After Italian Bridge Tragedy, Board Waits a Week for Meeting

(Bloomberg) -- The Atlantia SpA unit responsible for the bridge that collapsed Tuesday in Italy plans an emergency meeting of its board, people familiar with the matter said -- but not until next week.

The extraordinary meeting is meant to consider the impact of the disaster in Genoa, which killed at least 39 people. Directors of toll-road operator Atlantia, whose chief executive officer, Giovanni Castellucci, has become a focus of anger over the tragedy, may meet in a similar time frame, according to the people, who asked not to be named as the plans aren’t public.

After Italian Bridge Tragedy, Board Waits a Week for Meeting

The decision to wait comes amid mounting pressure on Autostrade per l’Italia, the Atlantia division that operates the road. Atlantia bonds are plunging, and the government has begun the process to revoke Autostrade’s profitable highway concession, while demanding CEO Castellucci and the rest of the unit’s top management be dismissed.

Italy’s Benetton family, the biggest shareholder in Atlantia, is waiting out the political storm because it knows Italy isn’t ready to take over the roads as it would be required if it revoked Autostrade’s concessions, said Andrea Giuricin, a professor of transportation economics at Milan’s Bicocca University.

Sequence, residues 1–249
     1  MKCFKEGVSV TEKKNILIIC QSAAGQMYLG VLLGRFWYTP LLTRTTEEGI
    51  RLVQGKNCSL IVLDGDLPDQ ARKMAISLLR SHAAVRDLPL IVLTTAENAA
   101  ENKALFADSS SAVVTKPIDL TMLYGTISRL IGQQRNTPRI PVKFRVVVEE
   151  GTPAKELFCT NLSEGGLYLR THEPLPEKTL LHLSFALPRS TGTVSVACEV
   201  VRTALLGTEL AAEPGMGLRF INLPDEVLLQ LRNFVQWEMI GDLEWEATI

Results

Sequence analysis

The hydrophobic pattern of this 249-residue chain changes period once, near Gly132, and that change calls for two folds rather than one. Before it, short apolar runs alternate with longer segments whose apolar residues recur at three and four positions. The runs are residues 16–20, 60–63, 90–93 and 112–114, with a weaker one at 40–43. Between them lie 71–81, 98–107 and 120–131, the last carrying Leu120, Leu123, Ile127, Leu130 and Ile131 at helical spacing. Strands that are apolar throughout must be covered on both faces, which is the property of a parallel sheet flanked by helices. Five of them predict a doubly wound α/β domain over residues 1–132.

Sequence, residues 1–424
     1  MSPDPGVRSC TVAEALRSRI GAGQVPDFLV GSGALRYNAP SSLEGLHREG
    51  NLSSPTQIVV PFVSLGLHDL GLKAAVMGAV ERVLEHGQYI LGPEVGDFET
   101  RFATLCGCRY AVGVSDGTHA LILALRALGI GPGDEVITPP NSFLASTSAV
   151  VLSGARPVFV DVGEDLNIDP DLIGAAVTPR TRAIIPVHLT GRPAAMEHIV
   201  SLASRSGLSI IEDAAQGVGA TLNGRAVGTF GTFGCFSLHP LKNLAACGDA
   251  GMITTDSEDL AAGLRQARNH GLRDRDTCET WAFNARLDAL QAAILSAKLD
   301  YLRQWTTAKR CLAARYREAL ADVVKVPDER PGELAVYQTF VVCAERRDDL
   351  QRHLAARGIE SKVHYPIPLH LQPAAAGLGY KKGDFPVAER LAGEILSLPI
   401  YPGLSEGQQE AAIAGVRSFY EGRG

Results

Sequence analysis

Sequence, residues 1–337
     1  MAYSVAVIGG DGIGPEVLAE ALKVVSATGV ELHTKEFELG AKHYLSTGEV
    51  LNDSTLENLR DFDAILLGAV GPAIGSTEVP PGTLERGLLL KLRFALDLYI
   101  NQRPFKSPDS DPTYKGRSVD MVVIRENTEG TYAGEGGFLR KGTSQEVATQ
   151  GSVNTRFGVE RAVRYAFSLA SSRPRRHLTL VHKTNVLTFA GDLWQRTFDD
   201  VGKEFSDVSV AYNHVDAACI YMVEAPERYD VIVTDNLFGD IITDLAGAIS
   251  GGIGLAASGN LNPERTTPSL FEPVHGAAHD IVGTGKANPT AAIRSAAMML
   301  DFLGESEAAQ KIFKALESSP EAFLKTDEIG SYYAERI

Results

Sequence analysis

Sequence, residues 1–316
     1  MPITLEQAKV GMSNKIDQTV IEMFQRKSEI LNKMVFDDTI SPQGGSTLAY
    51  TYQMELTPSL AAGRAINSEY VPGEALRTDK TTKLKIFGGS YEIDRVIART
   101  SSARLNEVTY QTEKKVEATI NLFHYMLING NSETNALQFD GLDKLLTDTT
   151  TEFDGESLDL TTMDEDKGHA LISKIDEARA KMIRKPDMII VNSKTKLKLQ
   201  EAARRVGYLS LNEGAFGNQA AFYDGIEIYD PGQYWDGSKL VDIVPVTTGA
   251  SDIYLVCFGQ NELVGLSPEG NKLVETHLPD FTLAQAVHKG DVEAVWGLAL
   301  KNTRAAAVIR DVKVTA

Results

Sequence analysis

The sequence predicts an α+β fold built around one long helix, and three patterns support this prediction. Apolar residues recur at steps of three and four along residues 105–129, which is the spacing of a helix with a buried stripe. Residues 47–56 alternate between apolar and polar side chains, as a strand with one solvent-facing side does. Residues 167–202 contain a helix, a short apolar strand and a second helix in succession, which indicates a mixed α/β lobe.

“The family is taking its time because they know the threat Italy could actually suspend its concession to Autostrade per l’Italia seems to be more a political outburst," Giuricin said in a phone interview. A decision to revoke the license would be a mistake without a thorough review, given the impact it would have on markets, the company and on transportation in Italy, he said.

Late Wednesday, Prime Minister Giuseppe Conte told reporters that the government will “start the procedure to revoke Autostrade’s license.” He said officials won’t wait for the outcome of a probe or a trial to take action.

The government may limit the license-withdrawal to the A10 highway that includes the bridge, not the entire toll-road network run by Autostrade, according to a Transport Ministry official who asked not to be named in line with internal policy.

Autostrade said in a statement late Wednesday that it’s confident it will be able to demonstrate it fulfilled the conditions of its concession and that it carried out maintenance and monitoring “on the basis of the best international standards.”

People familiar with the matter said Castellucci retains the confidence of Atlantia’s biggest shareholder, the Benetton family, and has no plans to resign. Rome-based Atlantia declined to comment.

Morandi bridge, built in the 1960s, is part of a major artery connecting the Italian Riviera to the southern coast of France. It collapsed in a heavy rain on Tuesday, causing more than two dozen vehicles to drop to the railroad tracks about 150 feet below.

After Italian Bridge Tragedy, Board Waits a Week for Meeting